Studies Suggest Psoriasis May Have Had a Healthy Purpose
Psoriasis often runs in families, and research continues to flesh out our understanding of the key role played by genetics in psoriasis and psoriatic arthritis. To date, researchers have identified more than 30 regions of the human genome where variations among individuals are linked to varying degrees of risk for developing psoriasis. Recent work led by Dr. Wilson Liao at the University of California, San Francisco suggests that some variations associated with increased risk for psoriasis may lend a clue to the challenges faced by our ancestors hundreds or thousands of years ago.
Our genomes are chains of DNA base-pairs, more than 3.5 billion of which are tethered together in our own very specific sequence. At the level of our DNA sequences, we differ from one another by only about 0.1 percent. But 0.1 percent of 3.5 billion is still 3.5 million differences—or polymorphisms—in our DNA sequences. Like the rest of our genome, these polymorphisms are passed with high fidelity from one generation to the next.
Liao's laboratory and those of his many collaborators have been examining our genomes for single-nucleotide polymorphisms (SNPs, often pronounced "snips"), or differences, in our DNA. The Human Genome Project of the 1990s laid the groundwork for identifying the millions of SNPs scattered throughout our genomes. These SNPs now serve as readily accessible genetic signposts that investigators can use to track associations between our health and the DNA sequences of our genomes.
Liao's most recent study builds on two earlier studies that revealed intriguing connections between specific SNPs and the risk for developing psoriasis. The experimental approach of the earlier studies involved comparing thousands of SNPs among hundreds of people with psoriasis with the same SNPs in many people without psoriasis. In a very few cases, SNPs from the psoriasis group were very different from those seen in the group without psoriasis. Interestingly, these SNPs often fell in regions of the genome associated with our immune system.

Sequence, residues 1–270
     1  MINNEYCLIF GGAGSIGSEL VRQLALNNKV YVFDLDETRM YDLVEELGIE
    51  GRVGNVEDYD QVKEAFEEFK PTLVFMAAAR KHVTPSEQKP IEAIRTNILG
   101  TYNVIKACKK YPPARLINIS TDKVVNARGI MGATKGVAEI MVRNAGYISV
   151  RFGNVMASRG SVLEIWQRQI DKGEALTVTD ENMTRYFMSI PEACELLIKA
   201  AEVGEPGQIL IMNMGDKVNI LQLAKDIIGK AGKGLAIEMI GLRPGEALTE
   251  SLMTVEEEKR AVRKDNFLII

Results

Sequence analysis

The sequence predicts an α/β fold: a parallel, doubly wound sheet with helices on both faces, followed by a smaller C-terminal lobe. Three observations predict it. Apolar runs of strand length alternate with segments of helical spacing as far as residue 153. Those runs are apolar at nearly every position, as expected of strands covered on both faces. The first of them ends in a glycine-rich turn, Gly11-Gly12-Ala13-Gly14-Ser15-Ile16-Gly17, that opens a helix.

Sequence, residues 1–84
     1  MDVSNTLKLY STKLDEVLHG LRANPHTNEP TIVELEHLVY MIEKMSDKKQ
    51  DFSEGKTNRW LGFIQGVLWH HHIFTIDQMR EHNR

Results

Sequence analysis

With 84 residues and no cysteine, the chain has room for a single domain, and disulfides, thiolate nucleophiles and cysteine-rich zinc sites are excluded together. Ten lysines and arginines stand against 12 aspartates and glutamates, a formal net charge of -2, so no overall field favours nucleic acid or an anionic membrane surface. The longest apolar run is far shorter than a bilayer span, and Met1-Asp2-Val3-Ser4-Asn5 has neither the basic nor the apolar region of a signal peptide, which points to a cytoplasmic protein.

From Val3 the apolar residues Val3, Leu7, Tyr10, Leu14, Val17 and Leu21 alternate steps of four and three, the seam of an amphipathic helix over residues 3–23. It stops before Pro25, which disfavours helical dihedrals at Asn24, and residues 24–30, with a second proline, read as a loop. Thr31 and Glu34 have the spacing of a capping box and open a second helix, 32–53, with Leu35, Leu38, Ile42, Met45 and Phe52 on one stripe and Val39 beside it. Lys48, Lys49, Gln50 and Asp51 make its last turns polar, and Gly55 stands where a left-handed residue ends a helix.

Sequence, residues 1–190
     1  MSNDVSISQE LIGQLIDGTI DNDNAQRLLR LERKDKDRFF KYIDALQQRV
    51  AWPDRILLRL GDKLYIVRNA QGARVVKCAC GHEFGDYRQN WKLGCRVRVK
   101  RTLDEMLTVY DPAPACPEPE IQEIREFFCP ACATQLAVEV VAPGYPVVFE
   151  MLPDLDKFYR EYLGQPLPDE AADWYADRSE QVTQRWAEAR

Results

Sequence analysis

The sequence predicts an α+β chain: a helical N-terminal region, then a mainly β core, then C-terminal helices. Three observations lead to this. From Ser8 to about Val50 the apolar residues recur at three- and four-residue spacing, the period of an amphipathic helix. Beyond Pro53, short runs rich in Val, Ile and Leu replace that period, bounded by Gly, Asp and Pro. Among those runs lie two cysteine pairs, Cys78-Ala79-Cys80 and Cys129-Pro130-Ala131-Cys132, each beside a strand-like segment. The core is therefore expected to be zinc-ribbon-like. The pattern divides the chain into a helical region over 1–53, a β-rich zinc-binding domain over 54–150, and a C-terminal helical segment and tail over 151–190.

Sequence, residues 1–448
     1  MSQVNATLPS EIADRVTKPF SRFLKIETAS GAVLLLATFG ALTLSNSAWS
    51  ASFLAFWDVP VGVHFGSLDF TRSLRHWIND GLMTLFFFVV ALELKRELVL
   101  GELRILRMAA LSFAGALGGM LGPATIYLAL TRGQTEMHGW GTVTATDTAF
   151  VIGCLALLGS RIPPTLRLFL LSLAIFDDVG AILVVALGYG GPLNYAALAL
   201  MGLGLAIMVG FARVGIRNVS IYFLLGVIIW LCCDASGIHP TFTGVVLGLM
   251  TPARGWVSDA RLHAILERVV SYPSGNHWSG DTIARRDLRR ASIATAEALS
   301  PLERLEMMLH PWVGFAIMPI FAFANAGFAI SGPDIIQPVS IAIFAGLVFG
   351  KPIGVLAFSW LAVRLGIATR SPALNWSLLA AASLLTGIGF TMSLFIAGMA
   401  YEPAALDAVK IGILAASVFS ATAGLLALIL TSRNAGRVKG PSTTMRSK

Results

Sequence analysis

Researchers in one of the earlier studies noticed that at least one of the genetic variations associated with an increased risk for psoriasis had previously been associated with a decreased risk of developing Acquired Immune Deficiency Syndrome (AIDS) after HIV infection. Liao and his coworkers have followed up on this observation by combining data from the two previous studies and compared that data with those from similar studies of individuals infected with HIV. The results: Psoriasis patients indeed are often carrying genetic variations associated with better responses to HIV infection, such as fewer viruses in infected individuals and delays in developing AIDS. Why might this be?
We inherit the DNA sequences of our genomes from our parents who, in turn, received their DNA from their parents. The fact that our parents and their parents—and all direct ancestors before them—survived long enough to have children reflects the fact that they were biologically equipped to survive in their contemporary environment. In other words, our DNA is literally a testament to the successful circumstances under which our ancestors lived and had children in the past. In the case of genetic variations that predispose some of us to have psoriasis, at least some of these variations may be with us because of their success in combatting one or more viral infections. Given that HIV is likely to have arisen only within the last 60 or so years, the association between control of HIV infection and risk of psoriasis seen by Liao and his coworkers probably reflects a much older encounter between our ancestors and another, yet similar, deadly virus. Beyond providing fascinating genealogical insight, the work led by Liao identifies additional points in the immune system where treatment could stymie the immunological events that contribute to psoriasis.
Andrew D. Robertson, Ph.D., is the chief scientific and medical officer for the National Psoriasis Foundation.